Tongan Language: A communication link between a Sky-god, Tangaloa ‘Eitumatupu’a and the earthly woman Va’epopua

Origin of the Tongan language by Dr Tonga Mohenoa Puloka

1. How was the Tongan language developed?

Socio-anthropological scientists would readily agree that modern Tongan language was a subunit of the general “poly-lingua” of the Polynesian tribes who came from South East Asia and finally established their homes in the South Pacific Region.  Located south of Hawaii and Tahiti, but in the central part of the Polynesian triangle is Tonga at the base, Samoa to the north and Fiji to the west of Tonga. Geography is of course an important identifier in history. Language, the principal anthropological and societal identifier is also the birthing womb of theoria and praxis, the basis of a people’s way of life, that is, civilization. Modern Tongan language is a continuum of socio-cultural, and religious development of societal epochs.

However, according to Dr. T. T.Mohenoa Puloka’s cosmogony, Tongan language originated as communication link between a Sky-god, Tangaloa ‘Eitumatupu’a  and the earthly woman Va’epopua, who later became the mother of ‘Aho’eitu, the first Tongan man. ‘Aho’eitu’s father was the sky-god Tangaloa and his mother was Va’epopua. The union of divine and human is what Dr. Puloka called, “langiofe,”  langi is sky and ofe is curve, thus langiofe is the bending down of the unreachable sky to touch Va’epopua, the earthing of Tonga.

Liz, here is a case for compassion and power in the Tongan folklore (true history).

There is always such excitement in Dr. Puloka’s voice when he tells us about the “distance-made-near- romance” between the sky-god Tangaloa ‘Eitumatupu’a and the earthly maiden, Va’epopua. There was this toa tree that grew on the hilltop of Popua at the eastern end of Nuku’alofa. It was Va’epopua’s home at the foot of the toa tree. One day, Tangaloa looked down from the langi and “mafumala’u” at the sight of Va’epopua. He then decided to climb down the toa tree to be with Va’epopua, and out of their union was the birth of their son, ‘Aho’eitu, the first man, ‘Uluaki Tangata.’  A line from Dr. Puloka’s poetry, Langiofe, says it better than my poor effort at description.

‘Isa he langi ne taukakapa

kae ofe’i ‘e he ‘afio ka kuo ‘i-a’a

‘Uluaki Tangata ko e kaiafua

‘a e fefine he toa ‘i Popoua.

 

Langi was so transcendent

Yet made immanent by the

Fierce searching love that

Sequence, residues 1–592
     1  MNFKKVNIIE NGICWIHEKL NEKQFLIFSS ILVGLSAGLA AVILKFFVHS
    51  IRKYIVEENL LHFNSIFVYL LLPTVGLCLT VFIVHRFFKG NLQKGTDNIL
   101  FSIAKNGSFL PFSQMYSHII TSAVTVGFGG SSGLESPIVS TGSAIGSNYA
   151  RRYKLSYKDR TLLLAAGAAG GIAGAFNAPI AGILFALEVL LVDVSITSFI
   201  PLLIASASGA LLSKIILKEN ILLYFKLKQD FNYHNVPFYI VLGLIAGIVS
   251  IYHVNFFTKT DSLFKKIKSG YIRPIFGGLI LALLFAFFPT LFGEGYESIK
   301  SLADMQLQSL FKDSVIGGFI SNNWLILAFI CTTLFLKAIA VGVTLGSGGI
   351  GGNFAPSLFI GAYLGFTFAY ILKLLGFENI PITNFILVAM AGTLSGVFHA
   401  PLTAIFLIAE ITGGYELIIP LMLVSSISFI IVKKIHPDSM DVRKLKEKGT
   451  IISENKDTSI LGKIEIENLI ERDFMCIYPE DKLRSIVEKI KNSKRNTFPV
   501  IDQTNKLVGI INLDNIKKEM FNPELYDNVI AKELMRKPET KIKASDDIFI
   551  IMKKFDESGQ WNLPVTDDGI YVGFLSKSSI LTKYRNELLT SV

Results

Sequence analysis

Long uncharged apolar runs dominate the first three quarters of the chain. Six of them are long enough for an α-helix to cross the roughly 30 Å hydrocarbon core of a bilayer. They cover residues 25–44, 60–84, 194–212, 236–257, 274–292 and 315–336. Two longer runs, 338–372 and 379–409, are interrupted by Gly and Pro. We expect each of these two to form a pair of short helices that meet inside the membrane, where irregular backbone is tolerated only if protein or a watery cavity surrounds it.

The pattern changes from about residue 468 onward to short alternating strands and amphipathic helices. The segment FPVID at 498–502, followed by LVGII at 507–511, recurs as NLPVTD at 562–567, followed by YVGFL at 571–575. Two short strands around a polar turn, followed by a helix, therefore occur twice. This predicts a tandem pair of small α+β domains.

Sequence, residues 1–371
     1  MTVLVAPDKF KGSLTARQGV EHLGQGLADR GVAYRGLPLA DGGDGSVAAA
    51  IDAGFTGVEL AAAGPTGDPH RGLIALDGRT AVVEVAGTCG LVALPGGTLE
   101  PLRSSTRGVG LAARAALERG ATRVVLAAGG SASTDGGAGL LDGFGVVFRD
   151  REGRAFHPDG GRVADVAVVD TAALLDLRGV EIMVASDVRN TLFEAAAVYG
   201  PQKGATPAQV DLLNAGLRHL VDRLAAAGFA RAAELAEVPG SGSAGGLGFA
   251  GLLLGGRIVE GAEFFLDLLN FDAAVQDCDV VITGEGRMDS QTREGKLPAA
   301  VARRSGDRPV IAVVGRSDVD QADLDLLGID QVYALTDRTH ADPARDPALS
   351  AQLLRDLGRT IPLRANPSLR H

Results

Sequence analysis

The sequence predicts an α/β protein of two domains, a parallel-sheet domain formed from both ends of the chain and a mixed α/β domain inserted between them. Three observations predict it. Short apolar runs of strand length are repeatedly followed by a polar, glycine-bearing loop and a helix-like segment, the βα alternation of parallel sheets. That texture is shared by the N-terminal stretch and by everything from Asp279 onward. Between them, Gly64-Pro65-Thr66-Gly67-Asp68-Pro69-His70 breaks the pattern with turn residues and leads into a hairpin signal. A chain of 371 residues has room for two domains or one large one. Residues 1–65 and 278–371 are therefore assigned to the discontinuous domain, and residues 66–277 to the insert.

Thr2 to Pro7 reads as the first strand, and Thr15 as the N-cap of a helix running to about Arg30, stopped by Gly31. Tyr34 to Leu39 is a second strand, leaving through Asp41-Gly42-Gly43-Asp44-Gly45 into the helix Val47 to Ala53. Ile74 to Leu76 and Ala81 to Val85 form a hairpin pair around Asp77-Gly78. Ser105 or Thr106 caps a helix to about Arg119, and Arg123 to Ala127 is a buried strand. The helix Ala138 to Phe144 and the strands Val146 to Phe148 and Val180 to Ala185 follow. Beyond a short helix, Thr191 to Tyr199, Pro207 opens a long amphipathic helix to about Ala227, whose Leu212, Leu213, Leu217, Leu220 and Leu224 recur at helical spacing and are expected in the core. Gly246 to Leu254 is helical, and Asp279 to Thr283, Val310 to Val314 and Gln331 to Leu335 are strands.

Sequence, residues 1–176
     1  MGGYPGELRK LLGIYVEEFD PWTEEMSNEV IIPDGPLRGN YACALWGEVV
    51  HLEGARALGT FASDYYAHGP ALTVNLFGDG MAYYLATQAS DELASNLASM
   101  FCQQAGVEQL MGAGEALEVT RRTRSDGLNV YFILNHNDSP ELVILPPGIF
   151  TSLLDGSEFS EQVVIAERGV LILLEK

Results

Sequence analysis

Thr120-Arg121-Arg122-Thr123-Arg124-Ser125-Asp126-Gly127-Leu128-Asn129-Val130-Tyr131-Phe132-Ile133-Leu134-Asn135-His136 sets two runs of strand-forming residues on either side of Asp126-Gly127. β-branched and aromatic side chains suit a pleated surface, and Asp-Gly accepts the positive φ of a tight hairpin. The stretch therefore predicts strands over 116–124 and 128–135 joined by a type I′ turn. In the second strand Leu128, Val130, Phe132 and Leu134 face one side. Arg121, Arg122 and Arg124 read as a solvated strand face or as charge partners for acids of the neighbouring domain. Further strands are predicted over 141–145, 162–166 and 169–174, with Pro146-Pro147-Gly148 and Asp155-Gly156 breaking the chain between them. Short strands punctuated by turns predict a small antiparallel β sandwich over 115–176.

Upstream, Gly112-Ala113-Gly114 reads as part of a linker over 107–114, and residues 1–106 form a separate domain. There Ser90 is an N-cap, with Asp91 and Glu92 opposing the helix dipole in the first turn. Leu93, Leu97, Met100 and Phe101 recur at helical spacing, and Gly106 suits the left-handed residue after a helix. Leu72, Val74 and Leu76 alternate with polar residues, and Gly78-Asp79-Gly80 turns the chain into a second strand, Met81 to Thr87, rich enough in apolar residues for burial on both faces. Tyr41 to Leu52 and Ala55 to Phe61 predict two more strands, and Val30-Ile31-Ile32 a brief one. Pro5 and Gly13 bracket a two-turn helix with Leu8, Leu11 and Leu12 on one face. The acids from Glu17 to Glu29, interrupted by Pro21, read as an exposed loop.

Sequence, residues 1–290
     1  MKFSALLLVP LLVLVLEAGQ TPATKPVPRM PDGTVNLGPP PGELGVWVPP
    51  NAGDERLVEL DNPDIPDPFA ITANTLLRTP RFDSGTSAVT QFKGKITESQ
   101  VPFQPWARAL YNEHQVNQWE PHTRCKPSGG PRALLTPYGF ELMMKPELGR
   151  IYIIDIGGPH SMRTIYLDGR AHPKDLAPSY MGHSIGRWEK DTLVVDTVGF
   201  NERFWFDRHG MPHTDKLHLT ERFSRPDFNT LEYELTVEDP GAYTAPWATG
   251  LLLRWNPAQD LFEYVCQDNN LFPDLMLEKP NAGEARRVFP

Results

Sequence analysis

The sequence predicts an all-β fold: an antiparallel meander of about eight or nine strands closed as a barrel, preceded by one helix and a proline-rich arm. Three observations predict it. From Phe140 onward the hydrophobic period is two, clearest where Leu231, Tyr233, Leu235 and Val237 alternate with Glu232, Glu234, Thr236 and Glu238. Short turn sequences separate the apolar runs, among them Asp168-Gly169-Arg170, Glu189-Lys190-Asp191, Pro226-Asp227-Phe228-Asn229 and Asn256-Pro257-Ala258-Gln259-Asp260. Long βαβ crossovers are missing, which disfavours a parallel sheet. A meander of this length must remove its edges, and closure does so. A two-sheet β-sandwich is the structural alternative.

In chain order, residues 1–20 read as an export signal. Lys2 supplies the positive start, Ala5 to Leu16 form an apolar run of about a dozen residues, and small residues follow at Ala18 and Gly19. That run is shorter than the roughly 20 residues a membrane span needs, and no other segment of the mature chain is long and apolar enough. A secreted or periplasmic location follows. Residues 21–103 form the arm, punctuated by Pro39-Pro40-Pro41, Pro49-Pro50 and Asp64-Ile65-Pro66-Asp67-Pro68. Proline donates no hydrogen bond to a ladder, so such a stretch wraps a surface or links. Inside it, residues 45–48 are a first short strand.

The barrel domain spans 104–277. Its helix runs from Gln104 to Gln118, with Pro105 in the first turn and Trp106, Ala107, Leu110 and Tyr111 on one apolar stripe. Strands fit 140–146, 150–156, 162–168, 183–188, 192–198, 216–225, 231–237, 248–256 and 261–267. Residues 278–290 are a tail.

Bears first man at Toa in Popua

2. How did it evolve to reflect our hierarchical society and other aspects of our culture?

Tongan language then and now is fundamentally a communication link between God and people.  As the society evolved from privacy to public domain, people then applied the same principles of their relationship to God such as reverence, deference, and submission, to the royalty and to the chiefs and to the common people. Thus modern Tongan language is as stratified as the Tongan  society: royalty, chiefs, commoners. Each strata has its own exclusive sub-unit lingua. Language division is power sharing and commanding.

3. How is the Tongan language unique in comparison to other Pacific Islands or Polynesian languages?

All languages use metaphor as a tool in communication. But in the case of the Tongan language, the use of metaphor is a reflection of the Tongan way of life. Metaphor as figurative speech using a word or phrase to bring out the meaning of another idea with the same meaning, is the basic structure of Tongan language. However, that basic structure is the birth-child of “founga faka Tonga, the Tongan way of life. I, therefore, suggest that the Tongan way of life is metaphorical  in such that doing and living of the “founga faka Tonga,” is in deference to God first, then the royalty, the chiefs, and the “tu’a” the people of the land—who are the most important basis of the Tongan  hierarchical  society. For instance, the use of the important institution of “ta’ovala,” a specialized mat wrapped on the waist by a kafa (a belt made of coconut fiber sennit), signifying respect to the people and to the mother earth, “fonua.” Different types of ‘ta’ovala’ signifying different types of occasion to which a person pays respect and due honor.

Editor: Kaniva Tonga Ltd would like to thank Dr Tonga Mohenoa Puloka for allowing us to publish his works to mark the Tongan Language Week in Aotealoa this week. His above-mentioned article in the Tongan Language is a poem dedicated to the Queen of Tonga, Queen Nanasi Pau’u Tuku’aho and the Queen Mother Halaevalu Mata’aho and all the women in Tonga who are coming together this month to celebrate the Sepitema Day. 

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